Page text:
I outsource my data processing to Thailand, how does this affect me?

According to the Personal Data Protection Committee (PDPC) which oversees the creation, implementation and enforcement of PDPB in Thailand, the new requirements are applicable to personal data that is collected, used, or disclosed by a Thailand-based data processor or controller, regardless as to where that data is collected, used or disclosed.

To put that in simpler terms, if you only collect the data of EU data subjects but you use a firm in Thailand to do the collecting for you, then, yes, PDPB applies.

What do I need to do to ensure frictionless compliance with PDPB?

The most pressing issue for any business affected by Thailand’s new data protection bill is to ensure that you have a lawful basis for collecting, processing, or disclosing data. Much as with GDPR and similar regulations, explicit consent is typically the one lawful basis that is talked about the most, and often for good reason. It’s certainly the most straight-forward and uncomplicated method of collecting and processing data legally. Gain the express consent of data subjects, and you leave no doubt as to the validity and legality of your processing activities.However, many businesses tend to overlook the fact that explicit consent isn’t the only option they have at their disposal. There are others which are every bit as valid and every bit as legal.

These include:

Contracting

Explicit consent is not required if the data processing activities are required to carry the terms of a contract your data subject has entered into with you, or to take certain steps requested of you by the data subject before entering into a contract.

Vital interest

Under vital interest, you do not need to gain explicit consent if processing is required to protect an individual’s life.

Public interest

This lawful basis can be used if processing is required to carry out a task that is in the public interest, as long as that interest has a clear basis in law.

Legitimate interest

If you can prove that processing is required for the legitimate interests of your business or a third party, then you can forgo explicit consent. However, itis worth noting that this can be overruled in cases where the protection of a persona’s data is deemed to be more important than your legitimate interest.

What else do I need to know about consent?

It’s also important to point out that PDPB lays out extra conditions for gaining the consent of minors. Your compliance consultant at Relentless can advise you as to what these are and how you can best implement them should it be necessary.

What rights to data subjects have under PDPB?

Again, PDPB isn’t too dissimilar in this regard from other new regulations which have come along in the last few years. Individuals have a right to request a copy of the data that you hold about them and, in certain circumstances, also have the right to object to their data being processed.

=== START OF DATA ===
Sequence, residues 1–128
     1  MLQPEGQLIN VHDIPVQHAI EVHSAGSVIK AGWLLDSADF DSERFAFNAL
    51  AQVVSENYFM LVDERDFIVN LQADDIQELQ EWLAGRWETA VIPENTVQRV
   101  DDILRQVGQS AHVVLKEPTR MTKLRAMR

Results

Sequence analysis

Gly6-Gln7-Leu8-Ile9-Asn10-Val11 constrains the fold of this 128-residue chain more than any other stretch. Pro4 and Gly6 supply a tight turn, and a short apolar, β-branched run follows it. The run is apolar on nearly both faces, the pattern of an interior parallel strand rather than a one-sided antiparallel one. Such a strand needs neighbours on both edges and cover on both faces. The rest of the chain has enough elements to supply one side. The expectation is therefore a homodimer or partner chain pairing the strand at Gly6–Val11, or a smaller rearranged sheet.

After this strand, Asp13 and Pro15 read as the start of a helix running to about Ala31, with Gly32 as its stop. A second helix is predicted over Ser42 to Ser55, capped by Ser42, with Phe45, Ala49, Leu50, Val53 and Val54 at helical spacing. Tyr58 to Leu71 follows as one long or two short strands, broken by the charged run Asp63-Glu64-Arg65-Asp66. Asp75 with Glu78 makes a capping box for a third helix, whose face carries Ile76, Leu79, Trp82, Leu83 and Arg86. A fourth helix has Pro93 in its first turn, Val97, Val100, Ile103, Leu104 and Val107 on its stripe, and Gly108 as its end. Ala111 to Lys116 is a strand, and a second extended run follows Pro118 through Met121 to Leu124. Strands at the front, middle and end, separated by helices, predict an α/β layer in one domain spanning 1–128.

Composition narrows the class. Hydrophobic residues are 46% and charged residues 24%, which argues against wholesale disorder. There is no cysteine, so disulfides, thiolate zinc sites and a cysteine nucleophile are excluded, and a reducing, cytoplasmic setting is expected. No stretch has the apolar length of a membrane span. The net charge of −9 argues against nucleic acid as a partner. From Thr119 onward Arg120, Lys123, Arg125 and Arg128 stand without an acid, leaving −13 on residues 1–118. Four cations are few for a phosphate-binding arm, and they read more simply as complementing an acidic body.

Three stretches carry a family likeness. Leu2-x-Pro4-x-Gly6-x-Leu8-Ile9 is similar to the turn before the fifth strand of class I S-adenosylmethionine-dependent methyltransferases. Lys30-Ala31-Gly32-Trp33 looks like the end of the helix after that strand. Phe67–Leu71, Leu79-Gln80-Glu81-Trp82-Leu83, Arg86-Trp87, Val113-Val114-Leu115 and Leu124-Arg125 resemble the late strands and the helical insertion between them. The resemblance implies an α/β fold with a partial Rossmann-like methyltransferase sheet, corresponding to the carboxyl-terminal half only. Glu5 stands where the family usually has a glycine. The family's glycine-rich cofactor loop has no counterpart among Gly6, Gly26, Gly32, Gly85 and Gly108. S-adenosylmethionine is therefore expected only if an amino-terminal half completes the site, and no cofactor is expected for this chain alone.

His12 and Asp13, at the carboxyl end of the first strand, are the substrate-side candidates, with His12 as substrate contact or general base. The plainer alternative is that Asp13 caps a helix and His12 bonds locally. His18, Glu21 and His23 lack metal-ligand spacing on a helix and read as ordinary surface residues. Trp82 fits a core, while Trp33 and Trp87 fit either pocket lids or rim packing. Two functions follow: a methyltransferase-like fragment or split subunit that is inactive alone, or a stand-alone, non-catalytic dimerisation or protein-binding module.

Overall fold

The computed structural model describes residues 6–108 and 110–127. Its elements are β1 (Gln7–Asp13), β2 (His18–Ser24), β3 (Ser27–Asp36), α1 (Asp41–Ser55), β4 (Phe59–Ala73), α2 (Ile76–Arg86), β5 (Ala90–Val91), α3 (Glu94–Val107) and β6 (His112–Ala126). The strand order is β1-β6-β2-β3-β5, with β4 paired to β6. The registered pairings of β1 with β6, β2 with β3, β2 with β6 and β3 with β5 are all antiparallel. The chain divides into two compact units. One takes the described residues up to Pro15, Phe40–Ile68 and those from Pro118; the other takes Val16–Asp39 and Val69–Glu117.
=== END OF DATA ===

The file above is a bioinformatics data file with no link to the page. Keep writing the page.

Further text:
In both cases, businesses affected by the bill are obligated to meet these requests.

Does my business have any other obligations?

Yes.

In particular, you need t to ensure that sufficient physical and digital security measures are in place to prevent unauthorised or malicious access, use, or modification of any personal data you have. You’ll also need to be sure that, if you plan to transfer the personal data of Thai data subjects to businesses in other countries, that those countries have -and that those businesses are compliant with- sufficient data protection regulations such as GDPR, CCPA, or China’s National Standards on Information Security Technology.

What do I need to do in the case of a data breach?

Naturally, you’ll have done everything in your power to prevent a data breach. However, should the worst happen, your first and most pressing responsibility is to immediately inform the affected data subjects.If the data breach affects a certain number of data subjects, your next task will be to inform the PDPC.

What are the consequences of non-compliance?

Businesses who are found in violation of PDPR are liable to pay administrative, civil, and/or criminal penalties depending on the circumstances, though of course, your business never has to reach this stage.

As part of our comprehensive Global Data Privacy Service, Relentless Privacy & Compliance offer expert advice, guidance, and hands-on support to ensure that you’re not only fully compliant with PDPB and other international privacy regulations but that you achieve that compliance in a way that helps your business to grow.

Contact us online today to find out more about how we can help you, or to discuss your privacy concerns, call us now on +44 (0) 121 582 0192.

 

How the California Consumer Privacy Act Affects Your Business Everything You need to Know

How the California Consumer Privacy Act Affects Your Business Everything You need to Know

How the California Consumer Privacy Act Affects Your Business Everything You need to Know

Did you know that the new California privacy law could have an impact on your business, even if you’re not based in the Golden State? Discover what the CCPA means for you, and for the future of data protection regulations around the world.